Seek Process: Supply Chain Transparency

What does it take to create a garment? Apparel manufacturing is complex and made up of a lot of steps, processes, people, and time. Where something is stitched is only one small part of the entire journey of a piece being made. It is easy for all the information to get overwhelming but it is important to remember how much goes into each article of clothing so that the value is understood. When you hear about something being sustainable, make sure every step of the supply chain can be vetted properly in as much detail and proof as possible. Just saying things are “mindfully made as much as possible” is not enough. At Seek Collective we account for the handloom weaving, the dying, the printing, and the stitching. This includes the where, how, and who. This week we are focusing on clarifying the ‘how’.

Seek Collective began with a search for those most knowledgeable artisans who execute each stage with the best quality and most responsibility, both to their employees and their environment. The quality matters immensely as we want each garment to last you as long as possible and we want the materials to feel incredible against your skin. We do not skimp on any stage of how we make our clothes, all the way down to the woven yarn. Seek Collective is unusual because we work directly with most of the producers. And we are also always looking for ways to improve each season to make the quality even better and more transparent. 

As mentioned, supply chains are rarely simple. It takes everything into account, including the designing and developing, sourcing, growing, spinning of the yarn, weaving, dying, printing, stitching, finishing, transportation, quality checking, packaging, and journey to either a retailer or a customer. When this is done sustainably and responsibly, the costs add up. It is impossible for a garment to cost $10 if you take into account all these necessary steps as well as all the people involved who must be paid. At the same time, producing sustainably also does not mean a garment has to be outrageously expensive either. 

For example, we can break down at item like our camel polka dot Haus pants. It all starts with a great deal of time put into designing the item. First drafts are called muslins, as they are stitched out of an inexpensive cotton fabric called muslin. A new one is made after each fitting as we work to get the shape and fit of the garment just right. This all adds up to days, if not months, of work. For this item we sourced the organic cotton twill with a company that buys large quantities directly from mills. This particular fabric is machine woven and costs about $4 a meter. Handloom woven fabric is more expensive, about $5-10 per meter, and has lower minimums so easier for a small brand to order directly from. We then had the yardage dyed using plant materials with the natural dye group we partner with. Natural dyes vary in cost depending on what ingredient is used to achieve the color as well as what type and weight of fabric is being dyed. The costs range from $6-15 per meter.  Next, the pattern of the garment is traced onto the fabric using chalk so that the embroidery work only goes where it needs to be. Depending on the layout and design, hand embroidery costs $20-50 per garment.  The completed fabric is then cut carefully and stitched together, at about $12-30 per garment. Every finished piece gets main labels, fabric labels, and hang tags so that all necessary information is communicated.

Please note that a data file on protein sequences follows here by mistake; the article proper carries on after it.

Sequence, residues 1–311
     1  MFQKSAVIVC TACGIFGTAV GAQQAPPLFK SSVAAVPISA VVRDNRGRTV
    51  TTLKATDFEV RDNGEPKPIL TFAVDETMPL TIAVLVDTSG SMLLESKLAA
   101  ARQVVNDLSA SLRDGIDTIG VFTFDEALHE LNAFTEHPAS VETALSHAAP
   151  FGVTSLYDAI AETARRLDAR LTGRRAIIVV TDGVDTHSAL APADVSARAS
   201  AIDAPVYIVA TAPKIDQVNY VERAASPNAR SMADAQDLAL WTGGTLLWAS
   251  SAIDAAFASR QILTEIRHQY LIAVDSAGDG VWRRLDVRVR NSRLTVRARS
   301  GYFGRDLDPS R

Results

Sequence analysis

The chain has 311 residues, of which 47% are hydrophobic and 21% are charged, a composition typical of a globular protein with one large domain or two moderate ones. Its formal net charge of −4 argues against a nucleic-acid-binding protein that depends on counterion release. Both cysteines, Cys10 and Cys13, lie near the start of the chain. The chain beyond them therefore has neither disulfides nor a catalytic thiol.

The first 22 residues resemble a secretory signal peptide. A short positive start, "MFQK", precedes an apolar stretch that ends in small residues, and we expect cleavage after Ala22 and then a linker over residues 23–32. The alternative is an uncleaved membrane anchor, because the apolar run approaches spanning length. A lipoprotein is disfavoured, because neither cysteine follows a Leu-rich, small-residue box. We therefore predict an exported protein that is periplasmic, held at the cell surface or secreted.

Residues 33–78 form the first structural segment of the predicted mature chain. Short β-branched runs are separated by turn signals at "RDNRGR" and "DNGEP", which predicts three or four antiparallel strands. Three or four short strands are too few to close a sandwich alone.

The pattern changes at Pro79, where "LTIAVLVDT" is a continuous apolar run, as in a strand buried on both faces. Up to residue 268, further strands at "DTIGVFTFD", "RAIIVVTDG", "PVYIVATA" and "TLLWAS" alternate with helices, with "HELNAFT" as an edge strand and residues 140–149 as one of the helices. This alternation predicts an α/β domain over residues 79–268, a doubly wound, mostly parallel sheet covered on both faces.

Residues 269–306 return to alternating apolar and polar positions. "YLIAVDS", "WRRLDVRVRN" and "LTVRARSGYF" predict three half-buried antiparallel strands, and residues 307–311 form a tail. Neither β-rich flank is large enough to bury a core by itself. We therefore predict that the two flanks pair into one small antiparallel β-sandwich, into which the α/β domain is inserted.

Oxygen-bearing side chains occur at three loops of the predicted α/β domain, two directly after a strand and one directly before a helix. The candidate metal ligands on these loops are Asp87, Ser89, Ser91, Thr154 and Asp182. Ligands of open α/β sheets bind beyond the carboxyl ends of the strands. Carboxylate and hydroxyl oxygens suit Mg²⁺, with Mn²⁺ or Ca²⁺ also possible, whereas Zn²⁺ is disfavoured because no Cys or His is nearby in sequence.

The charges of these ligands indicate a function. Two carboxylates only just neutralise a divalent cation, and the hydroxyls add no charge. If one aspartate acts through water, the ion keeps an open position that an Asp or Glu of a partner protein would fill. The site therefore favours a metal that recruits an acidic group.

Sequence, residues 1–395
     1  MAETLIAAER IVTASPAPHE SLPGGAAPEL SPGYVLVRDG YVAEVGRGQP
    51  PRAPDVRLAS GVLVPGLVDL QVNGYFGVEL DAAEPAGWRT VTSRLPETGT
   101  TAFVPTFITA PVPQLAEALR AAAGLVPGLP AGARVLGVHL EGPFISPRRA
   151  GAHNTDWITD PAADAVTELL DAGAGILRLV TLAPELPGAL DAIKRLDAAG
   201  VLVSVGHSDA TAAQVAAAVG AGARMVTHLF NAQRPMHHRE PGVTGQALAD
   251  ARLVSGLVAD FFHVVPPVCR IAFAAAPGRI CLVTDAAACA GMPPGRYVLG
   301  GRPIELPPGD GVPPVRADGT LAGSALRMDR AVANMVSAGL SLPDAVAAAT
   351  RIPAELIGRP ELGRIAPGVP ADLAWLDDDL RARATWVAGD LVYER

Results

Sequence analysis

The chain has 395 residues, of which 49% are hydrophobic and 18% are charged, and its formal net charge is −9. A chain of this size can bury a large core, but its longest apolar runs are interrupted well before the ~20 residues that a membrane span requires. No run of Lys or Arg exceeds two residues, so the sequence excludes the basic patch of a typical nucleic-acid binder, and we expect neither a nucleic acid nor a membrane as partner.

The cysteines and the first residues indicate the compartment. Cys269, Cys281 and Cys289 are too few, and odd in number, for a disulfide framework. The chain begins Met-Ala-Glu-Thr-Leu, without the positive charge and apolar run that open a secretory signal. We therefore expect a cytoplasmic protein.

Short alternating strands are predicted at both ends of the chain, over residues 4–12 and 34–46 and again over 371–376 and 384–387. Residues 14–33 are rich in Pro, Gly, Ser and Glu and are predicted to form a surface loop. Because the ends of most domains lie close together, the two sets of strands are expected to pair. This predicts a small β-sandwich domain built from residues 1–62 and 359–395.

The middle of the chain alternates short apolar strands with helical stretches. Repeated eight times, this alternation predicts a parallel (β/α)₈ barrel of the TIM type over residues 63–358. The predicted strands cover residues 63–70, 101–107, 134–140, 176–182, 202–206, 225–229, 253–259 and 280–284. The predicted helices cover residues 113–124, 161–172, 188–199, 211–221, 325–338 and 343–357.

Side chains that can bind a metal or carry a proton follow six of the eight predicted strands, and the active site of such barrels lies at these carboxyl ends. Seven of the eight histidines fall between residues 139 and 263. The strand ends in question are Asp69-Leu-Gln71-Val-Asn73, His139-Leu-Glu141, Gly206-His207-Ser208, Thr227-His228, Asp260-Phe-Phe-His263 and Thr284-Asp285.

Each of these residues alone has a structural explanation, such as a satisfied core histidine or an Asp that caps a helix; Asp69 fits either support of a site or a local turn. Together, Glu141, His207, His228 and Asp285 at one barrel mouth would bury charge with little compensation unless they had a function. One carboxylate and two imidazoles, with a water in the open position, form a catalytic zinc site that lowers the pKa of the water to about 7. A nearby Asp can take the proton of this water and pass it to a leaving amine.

From there, the Haus pants are marked up from the cost to make in order to cover additional expenses. This includes all the time and money spent designing and perfecting the fit. It also covers photoshoots, so that each item can be understood in how it fits. This means full days of pay for photographers, models, and rented spaces. The final batches are transported to our fulfillment center where they go through quality checks. While slight variations are normal, even celebrated at Seek Collective due to all the hand-done processes,  we want to make sure any garments with major issues are pulled from the stack. From there, once the pants are bought, they are packaged carefully and shipped to either a retailer or a customer. 

Each stage requires skills, knowledge, time, and ultimately people.  All the various costs contribute to the value of every garment.  We strive to bring you the best quality clothing while paying everyone in the production chain fairly and maintaining prices that are reasonable considering all the work that goes into the pieces. All while bringing mindfulness and transparency to the entire process.  We care about each person and craft that helps make Seek possible and about the long-term impact and sustainability of creating our clothing so the planet is not exploited. We also care about designing and creating garments that are special, well made, and beautiful to be worn in your life now as well as for future generations to enjoy. Stay tuned for when we break down the 'where' and 'who' of our supply chain.

Keep on Seeking!

2 comments

Absolutely loved reading this!

Julia September 27, 2020

Thank you for a very informative article.

Bob Baylis September 27, 2020

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